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How do I change shell in a remote PC? I am logged into a cluster with a Bash and the output I see is

elan@l01:~ $ chsh
chsh: can only change local entries; use ypchsh instead.
elan@l01:~ $ ypchsh
-bash: ypchsh: command not found

Since I have no root privilege there, I can not install ypchsh in the cluster. Is there any other way to change shell without invoking ypchsh?

Note 1: Browsing, it looks like another user who installed the same software (currently not available for questioning) has .cshrc in his directory, with the right settings. His .bashrc is minimal and has no redirections.

The /etc/passwd has no entry for either of us.

getent passwd

shows entry for both of us, but shows only /bin/bash for both.

Note 2: The sofware has been developed with autotools, and using bash instead of tcsh is known to have created wrong builds. (I am not changing shell because I fancy it.)

Thank you, Elan

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closed as off topic by Paul R, Robert Harvey Mar 31 '12 at 14:59

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2 Answers 2

In your .bashrc, put exec tcsh last.

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1  
+1 for using exec, but that belongs in .bash_profile instead, since that file is the first looked for by an interactive login shell (gnu.org/software/bash/manual/bashref.html#Bash-Startup-Files). –  glenn jackman Mar 30 '12 at 13:28
    
Thank you, I am new to Linux. I had assumed only chsh can change shell, but as you indicated, just calling the shell's name (tcsh in my case) on commandline changes it (checked: export is not recognized any more, but setenv is). But (1) the echo $SHELL command shows still bash. More importantly, I need to edit the .cshrc for some environment variables. But (2) no .cshrc has been generated. These two points confuse me. Is this still a minor workaround effecting not the same as chsh? –  Elan Mar 30 '12 at 14:59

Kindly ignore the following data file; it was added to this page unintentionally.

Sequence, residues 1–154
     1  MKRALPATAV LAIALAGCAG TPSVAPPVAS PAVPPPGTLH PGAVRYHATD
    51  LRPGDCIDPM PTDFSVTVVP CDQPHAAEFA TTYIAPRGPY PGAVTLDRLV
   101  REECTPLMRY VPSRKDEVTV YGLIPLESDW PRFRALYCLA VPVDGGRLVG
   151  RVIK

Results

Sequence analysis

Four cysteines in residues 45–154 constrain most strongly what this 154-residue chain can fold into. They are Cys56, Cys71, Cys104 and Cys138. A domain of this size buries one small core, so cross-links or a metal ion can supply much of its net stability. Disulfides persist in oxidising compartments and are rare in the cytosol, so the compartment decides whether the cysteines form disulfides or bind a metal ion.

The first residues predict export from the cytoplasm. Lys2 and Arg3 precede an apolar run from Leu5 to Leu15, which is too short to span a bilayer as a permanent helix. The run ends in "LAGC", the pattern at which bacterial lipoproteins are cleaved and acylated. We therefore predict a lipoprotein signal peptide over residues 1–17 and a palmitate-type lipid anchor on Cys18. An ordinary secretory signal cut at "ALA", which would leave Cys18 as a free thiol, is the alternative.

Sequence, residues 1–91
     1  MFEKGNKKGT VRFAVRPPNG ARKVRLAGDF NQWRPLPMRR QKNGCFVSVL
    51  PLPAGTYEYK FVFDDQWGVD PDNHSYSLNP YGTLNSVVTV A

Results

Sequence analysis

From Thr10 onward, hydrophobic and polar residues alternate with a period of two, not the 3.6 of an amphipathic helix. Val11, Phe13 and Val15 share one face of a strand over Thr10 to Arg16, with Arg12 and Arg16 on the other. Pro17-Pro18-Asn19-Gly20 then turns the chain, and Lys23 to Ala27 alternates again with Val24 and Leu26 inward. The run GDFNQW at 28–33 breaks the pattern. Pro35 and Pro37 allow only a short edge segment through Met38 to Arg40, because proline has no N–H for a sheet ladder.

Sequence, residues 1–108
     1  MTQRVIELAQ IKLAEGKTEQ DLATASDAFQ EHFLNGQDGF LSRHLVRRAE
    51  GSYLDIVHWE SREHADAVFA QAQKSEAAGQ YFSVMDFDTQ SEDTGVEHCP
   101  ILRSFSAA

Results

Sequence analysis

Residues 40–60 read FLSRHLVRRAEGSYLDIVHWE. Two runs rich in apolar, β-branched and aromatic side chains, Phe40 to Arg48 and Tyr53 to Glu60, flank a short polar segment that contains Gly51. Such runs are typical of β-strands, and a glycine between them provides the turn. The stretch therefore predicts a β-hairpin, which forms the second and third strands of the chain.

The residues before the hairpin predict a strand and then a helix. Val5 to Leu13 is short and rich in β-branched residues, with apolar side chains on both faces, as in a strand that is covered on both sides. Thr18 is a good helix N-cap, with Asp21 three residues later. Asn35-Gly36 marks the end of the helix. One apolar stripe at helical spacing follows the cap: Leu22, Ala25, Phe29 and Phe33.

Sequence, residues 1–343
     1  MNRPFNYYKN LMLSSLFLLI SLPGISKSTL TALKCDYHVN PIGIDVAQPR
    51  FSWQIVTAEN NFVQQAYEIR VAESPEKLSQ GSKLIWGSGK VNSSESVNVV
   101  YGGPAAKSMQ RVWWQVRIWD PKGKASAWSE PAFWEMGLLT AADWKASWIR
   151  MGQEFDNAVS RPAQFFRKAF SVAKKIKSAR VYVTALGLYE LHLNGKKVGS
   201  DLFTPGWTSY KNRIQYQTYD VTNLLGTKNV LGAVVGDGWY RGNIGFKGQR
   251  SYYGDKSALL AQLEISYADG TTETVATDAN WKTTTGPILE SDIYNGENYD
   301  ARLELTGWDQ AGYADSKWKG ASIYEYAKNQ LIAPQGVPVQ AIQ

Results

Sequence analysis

Is the solution here to 1. create a .cshrc myself and put my stuff in 2. change shell every time by calling tcsh on the command line of bash 3. use 'source .cshrc' every time 4. build the software ? I just noticed that I have to exit twice or thrice when I invoke a shell within another, which gave me the above idea. –  Elan Mar 30 '12 at 15:07
    
In my case, I wanted to switch from sh to bash. I had to create ~/.profile and add exec /bin/bash to switch from /bin/sh to /bin/bash. –  BCqrstoO Aug 18 at 19:36

Once you're in bash in the cluster, why don't you just type tcsh? And if that works, why not just add it as the last line of .bashrc?

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